Culture of Distrust




The Dominant Culture is the culture that is most prevalent, powerful, universal and influential within society where multiple cultures exist. 

The 2016 American Election exposed the extreme divide in two dominant cultures in the United States. It was clear there were two very different opinions among people based on ethnicity, race, demographics, culture and desires.

A clear Dominant Culture relating to the Trump supporters gender, ethnicity and education exists. The majority of Trump supporters are male, white, evangelical Protestants, older in age and are mainly uneducated or have minimal post-secondary education. 

The Dominant Culture of Clinton supporters is in contrast to Trump supporters. The majority of Clinton supporters are generally female, religiously unaffiliated, white, black, hispanic, younger in age and educated with a college degree or above. 







18 - 29 

30 - 49 

50 - 64 



College Grad 

Some College 

Highschool or Less 

Rep/Lean Rep 

Dem/Lean Dem

White Evang Prot. 

Mainline Prot. 



Among Whites: 



Demographic Divides in Candidate Support 

The dominant theme of distrust between American society and Donald Trump remained throughout the entire election. Trump had exaggerated and said things so blatantly that people did not know what to believe and were worried about what he would actually do. 

American's struggled with the information surrounding Donald Trump's communication with Russia using an alleged private email server.

Hillary Clinton had a dominant theme of distrust within the election. Clinton has done things and given society a reason not to trust her, as she has been involved in inappropriate things and it was believed that she would lie in order to win.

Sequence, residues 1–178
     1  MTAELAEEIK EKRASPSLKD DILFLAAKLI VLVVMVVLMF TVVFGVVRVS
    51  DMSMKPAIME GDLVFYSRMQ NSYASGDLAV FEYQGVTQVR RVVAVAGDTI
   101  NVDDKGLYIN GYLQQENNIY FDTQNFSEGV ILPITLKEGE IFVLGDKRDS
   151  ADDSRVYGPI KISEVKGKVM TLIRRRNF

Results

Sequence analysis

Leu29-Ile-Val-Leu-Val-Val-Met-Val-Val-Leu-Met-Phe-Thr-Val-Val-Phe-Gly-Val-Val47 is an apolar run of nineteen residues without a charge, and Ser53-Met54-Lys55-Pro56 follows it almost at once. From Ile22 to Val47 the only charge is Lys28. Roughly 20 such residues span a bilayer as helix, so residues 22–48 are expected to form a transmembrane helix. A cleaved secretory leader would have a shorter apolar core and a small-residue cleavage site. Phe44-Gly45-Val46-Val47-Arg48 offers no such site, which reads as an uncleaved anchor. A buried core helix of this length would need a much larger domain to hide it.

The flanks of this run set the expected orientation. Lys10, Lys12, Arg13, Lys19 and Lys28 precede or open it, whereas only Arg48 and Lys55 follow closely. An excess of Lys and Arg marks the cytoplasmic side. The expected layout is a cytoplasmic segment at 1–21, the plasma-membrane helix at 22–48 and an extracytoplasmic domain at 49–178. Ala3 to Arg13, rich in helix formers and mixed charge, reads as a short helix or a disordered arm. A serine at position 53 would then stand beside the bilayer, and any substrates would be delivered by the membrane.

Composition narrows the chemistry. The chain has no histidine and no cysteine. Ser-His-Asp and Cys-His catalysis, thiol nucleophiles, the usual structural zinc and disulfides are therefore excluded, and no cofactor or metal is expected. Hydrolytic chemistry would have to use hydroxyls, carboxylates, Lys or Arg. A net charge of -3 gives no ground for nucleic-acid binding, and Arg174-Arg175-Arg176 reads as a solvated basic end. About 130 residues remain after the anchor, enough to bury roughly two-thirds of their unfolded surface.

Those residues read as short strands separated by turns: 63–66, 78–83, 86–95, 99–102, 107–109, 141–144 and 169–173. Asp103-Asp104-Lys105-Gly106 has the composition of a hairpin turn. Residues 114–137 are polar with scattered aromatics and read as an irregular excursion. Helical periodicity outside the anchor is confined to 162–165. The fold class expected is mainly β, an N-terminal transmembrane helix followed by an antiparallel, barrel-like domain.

American society also struggled while facing rumors surrounding the private email server scandal that allowed national defense information to be lost and destroyed.  

Americans Want Change

Americans wanted government change and this was a much larger issue that candidates underestimated. The government has had a history of keeping all tasks incomplete, as their was a disconnect between the people and the government. 

American's realized that with Donald Trump elected as president, a possibility of change existed for Americans, whether this was good change or bad change, they would recieve action. This action was predominantly believed to be better happening rather than nothing happening. With Trump's radical policies and promises, change was almost guaranteed.  

Hillary Clinton believed that America was already stable and believed in being a World-Player. She wanted America to believe that she was qualified, experienced and knew the government better. This made sense on the surface but behind the scenes, America wondered if they could trust that she would actually make a change to problems America is facing. 




Donald Trump's advisor, Kellyanne Conway introduced the term "Alternative Facts" in an attempt to defend the White House secretary. Many journalists argued that they are not facts and are only falsehoods, which caused tension between Trump administration and members of the media.